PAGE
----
During a January hearing before the Senate Armed Services Committee with other intelligence chiefs, Clapper reaffirmed that finding. "We stand more resolutely on that statement," he said.
Fake news, trolls, botnets
In early January, the Office of the Director of National Intelligence released a declassified report documenting the results of the investigation former President Barack Obama had requested into Russian election interference.
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The report said that while Russian operatives did not change vote tallies, Russian President Vladimir Putin had ordered an elaborate effort to propel Trump to the presidency — not only via hacking but also through the dissemination of "fake news" aimed at undermining Clinton and boosting Trump.
The Russians, Comey said in March, were also "unusually loud" in their intervention, leaving digital footprints on the DNC and John Podesta email hacks that were sloppy and easily linked back to the Kremlin.
Meanwhile, state-sponsored Russian news agencies like RT and Sputnik, openly backed Trump. And automated Twitter accounts — many of them linked to Russia and aided by professional trolls paid by the Kremlin — flooded the social-media platform with pro-Trump rhetoric and made-up news throughout the campaign and especially in the days leading up to the election.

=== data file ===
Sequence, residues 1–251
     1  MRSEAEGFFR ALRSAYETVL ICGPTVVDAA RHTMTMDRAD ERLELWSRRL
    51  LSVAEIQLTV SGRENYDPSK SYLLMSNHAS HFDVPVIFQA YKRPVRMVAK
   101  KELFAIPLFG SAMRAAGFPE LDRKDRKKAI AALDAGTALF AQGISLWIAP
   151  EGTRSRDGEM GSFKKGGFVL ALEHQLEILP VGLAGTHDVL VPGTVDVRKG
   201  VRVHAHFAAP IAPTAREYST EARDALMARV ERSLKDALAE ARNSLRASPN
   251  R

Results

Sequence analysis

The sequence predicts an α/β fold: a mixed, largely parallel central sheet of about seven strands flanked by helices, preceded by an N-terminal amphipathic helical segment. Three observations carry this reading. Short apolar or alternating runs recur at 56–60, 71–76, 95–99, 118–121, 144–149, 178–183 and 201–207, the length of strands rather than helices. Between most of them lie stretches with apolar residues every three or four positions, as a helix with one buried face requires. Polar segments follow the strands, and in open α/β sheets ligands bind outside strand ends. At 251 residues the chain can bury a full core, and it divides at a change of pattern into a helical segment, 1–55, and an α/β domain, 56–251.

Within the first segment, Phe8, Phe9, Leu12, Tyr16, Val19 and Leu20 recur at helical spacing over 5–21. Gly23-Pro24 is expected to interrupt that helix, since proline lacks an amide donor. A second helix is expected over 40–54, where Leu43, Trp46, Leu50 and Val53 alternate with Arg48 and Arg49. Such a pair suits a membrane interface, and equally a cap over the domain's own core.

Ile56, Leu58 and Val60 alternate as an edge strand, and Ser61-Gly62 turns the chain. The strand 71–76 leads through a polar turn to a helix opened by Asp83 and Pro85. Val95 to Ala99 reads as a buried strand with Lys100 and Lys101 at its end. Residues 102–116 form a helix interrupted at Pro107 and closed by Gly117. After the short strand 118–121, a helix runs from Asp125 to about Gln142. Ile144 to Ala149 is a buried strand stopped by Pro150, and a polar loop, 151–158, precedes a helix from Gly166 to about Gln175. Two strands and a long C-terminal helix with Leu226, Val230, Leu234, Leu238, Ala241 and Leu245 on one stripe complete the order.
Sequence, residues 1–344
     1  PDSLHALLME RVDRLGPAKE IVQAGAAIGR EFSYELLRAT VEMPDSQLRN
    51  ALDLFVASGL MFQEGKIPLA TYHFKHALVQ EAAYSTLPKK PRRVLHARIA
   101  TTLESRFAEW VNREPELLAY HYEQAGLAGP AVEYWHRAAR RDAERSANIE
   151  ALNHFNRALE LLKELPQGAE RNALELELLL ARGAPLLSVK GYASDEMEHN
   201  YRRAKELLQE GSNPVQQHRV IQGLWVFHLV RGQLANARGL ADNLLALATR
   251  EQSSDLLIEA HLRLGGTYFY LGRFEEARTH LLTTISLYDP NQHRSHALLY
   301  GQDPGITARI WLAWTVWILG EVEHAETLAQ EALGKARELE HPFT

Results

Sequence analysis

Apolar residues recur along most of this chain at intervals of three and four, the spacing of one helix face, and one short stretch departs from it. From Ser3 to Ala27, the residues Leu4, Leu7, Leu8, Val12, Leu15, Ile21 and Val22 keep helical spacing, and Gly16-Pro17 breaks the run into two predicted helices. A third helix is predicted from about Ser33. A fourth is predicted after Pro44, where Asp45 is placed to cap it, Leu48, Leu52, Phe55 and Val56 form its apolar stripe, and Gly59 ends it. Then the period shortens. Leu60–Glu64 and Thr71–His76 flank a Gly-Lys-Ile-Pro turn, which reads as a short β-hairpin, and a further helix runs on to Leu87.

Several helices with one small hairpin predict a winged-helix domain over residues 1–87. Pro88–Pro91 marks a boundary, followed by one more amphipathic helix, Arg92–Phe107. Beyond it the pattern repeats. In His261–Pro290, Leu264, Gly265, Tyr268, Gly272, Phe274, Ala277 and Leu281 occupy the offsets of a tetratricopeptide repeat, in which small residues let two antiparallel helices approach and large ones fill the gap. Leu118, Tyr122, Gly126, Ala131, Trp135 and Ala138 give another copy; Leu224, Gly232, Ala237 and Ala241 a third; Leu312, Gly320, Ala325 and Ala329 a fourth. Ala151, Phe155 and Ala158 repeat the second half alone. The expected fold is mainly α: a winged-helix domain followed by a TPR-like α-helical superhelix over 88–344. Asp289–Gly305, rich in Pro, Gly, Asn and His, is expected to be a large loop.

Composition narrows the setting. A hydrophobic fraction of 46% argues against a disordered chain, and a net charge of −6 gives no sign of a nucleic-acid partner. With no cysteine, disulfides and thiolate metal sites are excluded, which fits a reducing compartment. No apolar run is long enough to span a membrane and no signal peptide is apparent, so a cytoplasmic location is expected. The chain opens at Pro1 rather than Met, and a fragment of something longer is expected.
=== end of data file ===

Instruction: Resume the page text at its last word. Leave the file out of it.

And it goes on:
Russian internet trolls — paid by the Kremlin to spread false information on the internet — have been behind a number of "highly coordinated campaigns" to deceive the American public, journalist Adrian Chen found when researching Russian troll factories in St. Petersburg in 2015.
It's a brand of information warfare, known as "dezinformatsiya," that has been used by the Russians since at least the Cold War. The disinformation campaigns are only one "active measure" tool used by Russian intelligence to "sow discord among," and within, nations perceived as hostile to Russia.
From his interviews with former trolls employed by Russia, Chen gathered that the point of their jobs "was to weave propaganda seamlessly into what appeared to be the nonpolitical musings of an everyday person.
"Russia's information war might be thought of as the biggest trolling operation in history," Chen wrote. "And its target is nothing less than the utility of the Internet as a democratic space."
In a telling case study of how widespread and pervasive fake news was during the election, Oxford University researchers found that nearly half of the news Michigan voters were exposed to on Twitter leading up to Election Day was fake. They found that the proportion of "professional to junk news" was "roughly one-to-one," and that "fully 46.5% of all content presented as news" about politics and the election fell under "the definition of propaganda" when unverified WikiLeaks content and Russian-origin news stories were factored in.
As many as 39 state-election systems targeted